Study reveals winning logistics strategies for the last mile

Increasing urbanisation is making the last mile of delivery more complex and critical for the success of e-commerce companies, according to new research and market research.

With over 600 million more people forecast to live in urban environments by 2030 and new technologies creating opportunities for both service enhancement and disruption, online retailers and their logistics partners are being challenged to embrace bold new approaches in order to survive and compete. In the white paper, Shortening the Last Mile: Winning Logistics Strategies in the Race to the Urban Consumer, DHL and Euromonitor have identified the four main trends that are shaping urban last mile transportation –localised delivery, flexi-delivery networks, seasonal logistics and evolving technologies –and ways in which companies can adapt their supply chains to the changing market environment and achieve competitive advantage.

“The last mile is increasingly becoming the key battleground in the e-commerce supply chain, and companies will have to develop targeted strategies in this area to compete effectively. It’s not just about transportation, but about companies’ overall approach to managing inventory –getting the right items to the right place at the right time. DHL is developing focused solutions to help e-commerce companies reach their end customers quickly and efficiently, from using machine learning to better route shipments within cities to adding more automation to our delivery networks,” Katja Busch, Chief Commercial Officer, DHL said.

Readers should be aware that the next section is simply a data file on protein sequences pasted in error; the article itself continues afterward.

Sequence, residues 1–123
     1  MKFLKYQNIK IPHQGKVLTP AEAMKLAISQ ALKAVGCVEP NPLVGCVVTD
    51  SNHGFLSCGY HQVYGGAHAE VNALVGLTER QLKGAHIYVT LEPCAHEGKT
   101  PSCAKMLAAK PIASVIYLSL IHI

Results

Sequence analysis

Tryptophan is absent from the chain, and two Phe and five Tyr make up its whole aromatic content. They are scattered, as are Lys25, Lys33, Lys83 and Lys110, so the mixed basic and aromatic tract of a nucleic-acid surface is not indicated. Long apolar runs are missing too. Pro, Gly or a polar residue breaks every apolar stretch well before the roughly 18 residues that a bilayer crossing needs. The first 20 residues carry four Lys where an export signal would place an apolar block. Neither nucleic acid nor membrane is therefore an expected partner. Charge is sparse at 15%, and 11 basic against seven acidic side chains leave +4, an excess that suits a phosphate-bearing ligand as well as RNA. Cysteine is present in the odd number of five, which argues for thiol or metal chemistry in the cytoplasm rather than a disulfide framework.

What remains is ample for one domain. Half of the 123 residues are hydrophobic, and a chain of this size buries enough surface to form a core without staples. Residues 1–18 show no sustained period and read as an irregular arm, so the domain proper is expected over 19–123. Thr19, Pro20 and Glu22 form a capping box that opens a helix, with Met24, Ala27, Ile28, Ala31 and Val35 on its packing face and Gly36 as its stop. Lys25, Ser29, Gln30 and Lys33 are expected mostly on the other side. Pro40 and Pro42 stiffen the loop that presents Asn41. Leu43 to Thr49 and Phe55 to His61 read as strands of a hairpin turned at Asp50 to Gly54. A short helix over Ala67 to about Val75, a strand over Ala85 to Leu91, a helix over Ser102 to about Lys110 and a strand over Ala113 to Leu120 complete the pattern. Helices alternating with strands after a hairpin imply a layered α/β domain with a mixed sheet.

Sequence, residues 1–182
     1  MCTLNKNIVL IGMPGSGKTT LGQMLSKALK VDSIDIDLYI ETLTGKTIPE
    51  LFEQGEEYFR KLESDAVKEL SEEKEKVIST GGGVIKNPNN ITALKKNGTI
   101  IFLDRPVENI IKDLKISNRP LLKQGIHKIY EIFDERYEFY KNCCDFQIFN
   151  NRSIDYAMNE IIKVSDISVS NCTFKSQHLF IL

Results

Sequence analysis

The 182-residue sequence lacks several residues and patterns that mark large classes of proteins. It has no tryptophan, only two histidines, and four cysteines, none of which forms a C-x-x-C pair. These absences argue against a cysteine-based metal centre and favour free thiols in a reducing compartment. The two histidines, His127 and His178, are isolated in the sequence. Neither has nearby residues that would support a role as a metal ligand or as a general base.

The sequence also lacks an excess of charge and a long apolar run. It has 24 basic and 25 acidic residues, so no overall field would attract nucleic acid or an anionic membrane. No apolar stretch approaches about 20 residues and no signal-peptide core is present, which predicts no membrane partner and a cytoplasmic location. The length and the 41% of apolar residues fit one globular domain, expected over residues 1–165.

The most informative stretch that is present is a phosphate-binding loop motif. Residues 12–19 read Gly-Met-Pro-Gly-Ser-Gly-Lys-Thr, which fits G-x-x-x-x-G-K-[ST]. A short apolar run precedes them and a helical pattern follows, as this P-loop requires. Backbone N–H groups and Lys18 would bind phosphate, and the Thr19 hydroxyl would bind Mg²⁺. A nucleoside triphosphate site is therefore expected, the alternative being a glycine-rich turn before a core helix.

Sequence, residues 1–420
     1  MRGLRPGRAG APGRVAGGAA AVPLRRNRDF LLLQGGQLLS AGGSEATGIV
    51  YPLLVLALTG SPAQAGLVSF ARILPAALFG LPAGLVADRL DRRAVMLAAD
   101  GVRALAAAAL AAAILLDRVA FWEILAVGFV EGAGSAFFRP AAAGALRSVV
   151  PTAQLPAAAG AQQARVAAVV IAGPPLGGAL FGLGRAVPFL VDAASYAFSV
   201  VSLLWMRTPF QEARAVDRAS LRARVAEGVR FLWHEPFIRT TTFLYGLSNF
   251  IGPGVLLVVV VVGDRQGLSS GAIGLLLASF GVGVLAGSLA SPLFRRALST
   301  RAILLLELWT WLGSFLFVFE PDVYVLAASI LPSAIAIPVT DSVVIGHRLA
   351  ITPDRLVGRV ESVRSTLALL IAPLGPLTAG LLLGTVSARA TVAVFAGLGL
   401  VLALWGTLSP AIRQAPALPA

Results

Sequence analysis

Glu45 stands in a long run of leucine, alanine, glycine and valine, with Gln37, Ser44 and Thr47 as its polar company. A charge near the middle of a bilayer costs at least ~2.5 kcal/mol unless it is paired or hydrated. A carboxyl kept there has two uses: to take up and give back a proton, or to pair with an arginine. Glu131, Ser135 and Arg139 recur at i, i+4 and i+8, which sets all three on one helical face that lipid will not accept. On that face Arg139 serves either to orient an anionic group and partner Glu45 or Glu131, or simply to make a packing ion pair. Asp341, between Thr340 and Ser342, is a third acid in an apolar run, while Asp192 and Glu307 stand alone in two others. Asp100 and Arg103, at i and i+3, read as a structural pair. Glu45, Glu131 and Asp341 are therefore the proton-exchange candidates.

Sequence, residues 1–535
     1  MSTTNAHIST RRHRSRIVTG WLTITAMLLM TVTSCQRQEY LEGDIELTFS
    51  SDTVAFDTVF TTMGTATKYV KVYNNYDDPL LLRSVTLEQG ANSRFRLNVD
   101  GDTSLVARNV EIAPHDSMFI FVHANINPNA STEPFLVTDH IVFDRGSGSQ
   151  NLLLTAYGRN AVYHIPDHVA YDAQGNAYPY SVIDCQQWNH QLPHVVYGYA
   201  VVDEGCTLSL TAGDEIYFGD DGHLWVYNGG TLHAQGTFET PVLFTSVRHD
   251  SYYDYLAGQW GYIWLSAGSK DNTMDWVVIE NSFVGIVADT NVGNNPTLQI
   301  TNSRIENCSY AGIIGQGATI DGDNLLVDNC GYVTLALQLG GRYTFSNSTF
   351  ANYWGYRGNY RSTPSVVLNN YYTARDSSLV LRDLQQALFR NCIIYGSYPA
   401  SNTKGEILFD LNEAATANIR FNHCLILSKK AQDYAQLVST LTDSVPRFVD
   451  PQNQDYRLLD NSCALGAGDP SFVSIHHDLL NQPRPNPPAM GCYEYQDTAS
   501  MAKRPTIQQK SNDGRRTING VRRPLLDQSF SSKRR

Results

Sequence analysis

The white paper found that the major urban trends all create various challenges in terms of cost, service impact and organisational strain. For example, the growth of seasonal logistics as a result of increasingly popular holidays and promotional days such as Asia’s Singles’ Day or national Cyber Days, places significant pressure on logistics companies to build up additional capacity and hire resources to cope with short-term volume surges, which can in turn be difficult to predict. Urban customers’ demands for speed and convenience are forcing retailers to overhaul their warehousing networks, replacing centralised networks with local fulfilment and distribution infrastructure, which can require more accurate balancing of inventory.